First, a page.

Methods: Patients admitted to Northwestern Memorial Hospital between 10/2008 and 11/2014 that had a 16S rRNA PCR test performed on a sterile site (e.g. blood, cerebrospinal fluid), direct specimen (e.g. heart valve tissue) were considered for inclusion. All patients had a suspected active infection based on clinical presentation and/or consultation from the ID service. Patients with a 16S rRNA PCR (+) were matched 1:1 based on specimen site to patients with 16S rRNA PCR (-). Pertinent variables including site of suspected infection were collected.
Results: In total, 90 patients were included (n=45 16S rRNA PCR (+) and (-)). The most common suspected infection was endocarditis (n=38), followed by osteomyelitis (n=13). Baseline demographics including modified APACHE II score did not differ between groups. Patients with a 16S rRNA PCR (-) had a shorter median total LOT than patients with a 16S rRNA PCR (+) (33 days [IQR 8-46] vs. 43 days [IQR 29-51], p=0.02). Antibiotics post-PCR were discontinued more frequently in patients with 16S rRNA PCR (-) than 16S rRNA PCR (+) (38% vs 4%, p<0.01). In a subgroup analysis of endocarditis, patients with 16S rRNA PCR (-) had a numerically shorter median LOT (32.5 [IQR 12.5-46] vs 45 [IQR 31-52], p=0.08) and had more frequent discontinuation of antimicrobials (37% vs 5%, p=0.04) than patients with16S rRNA (+).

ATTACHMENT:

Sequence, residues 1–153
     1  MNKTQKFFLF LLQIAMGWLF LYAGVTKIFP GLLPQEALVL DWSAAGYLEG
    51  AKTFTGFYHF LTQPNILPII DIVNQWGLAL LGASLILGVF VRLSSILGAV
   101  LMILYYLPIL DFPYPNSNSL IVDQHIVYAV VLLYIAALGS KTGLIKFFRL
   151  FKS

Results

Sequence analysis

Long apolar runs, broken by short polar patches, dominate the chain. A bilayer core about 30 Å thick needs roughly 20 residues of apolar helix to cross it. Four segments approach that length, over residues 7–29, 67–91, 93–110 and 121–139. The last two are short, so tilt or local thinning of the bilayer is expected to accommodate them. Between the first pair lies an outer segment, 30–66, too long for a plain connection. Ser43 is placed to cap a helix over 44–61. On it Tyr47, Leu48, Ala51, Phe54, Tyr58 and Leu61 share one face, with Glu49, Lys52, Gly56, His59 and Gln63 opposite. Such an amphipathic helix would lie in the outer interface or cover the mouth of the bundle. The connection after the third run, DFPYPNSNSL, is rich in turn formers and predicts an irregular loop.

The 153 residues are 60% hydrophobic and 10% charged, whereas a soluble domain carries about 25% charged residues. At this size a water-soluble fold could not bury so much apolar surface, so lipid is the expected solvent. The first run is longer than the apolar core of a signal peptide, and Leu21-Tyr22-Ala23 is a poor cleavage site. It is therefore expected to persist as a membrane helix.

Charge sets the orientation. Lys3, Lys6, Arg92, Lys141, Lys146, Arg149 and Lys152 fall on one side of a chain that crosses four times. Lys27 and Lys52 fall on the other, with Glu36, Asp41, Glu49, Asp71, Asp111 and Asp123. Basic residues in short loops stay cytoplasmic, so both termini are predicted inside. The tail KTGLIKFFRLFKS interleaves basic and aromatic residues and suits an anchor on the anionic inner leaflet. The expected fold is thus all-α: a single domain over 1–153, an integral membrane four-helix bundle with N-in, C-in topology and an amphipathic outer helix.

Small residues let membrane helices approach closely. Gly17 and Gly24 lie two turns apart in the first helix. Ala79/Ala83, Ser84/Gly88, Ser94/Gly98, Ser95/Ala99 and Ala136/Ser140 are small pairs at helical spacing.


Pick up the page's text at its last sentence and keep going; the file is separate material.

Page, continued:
Conclusion: 16S rRNA PCR may be useful as a stewardship tool to decrease overall LOT and discontinue antibiotics in patients without detection of a microbial organism. Future studies are needed to further determine the potential use of 16S rRNA PCR as a diagnostic aid for difficult to culture microbes or sites.
D. Smith, None
J. Esterly, None
C. Qi, None
M. Malczynski, None
M. Postelnick, None
M. Mclaughlin, BioCryst Pharmaceuticals: Served on Advisory Board , Consulting fee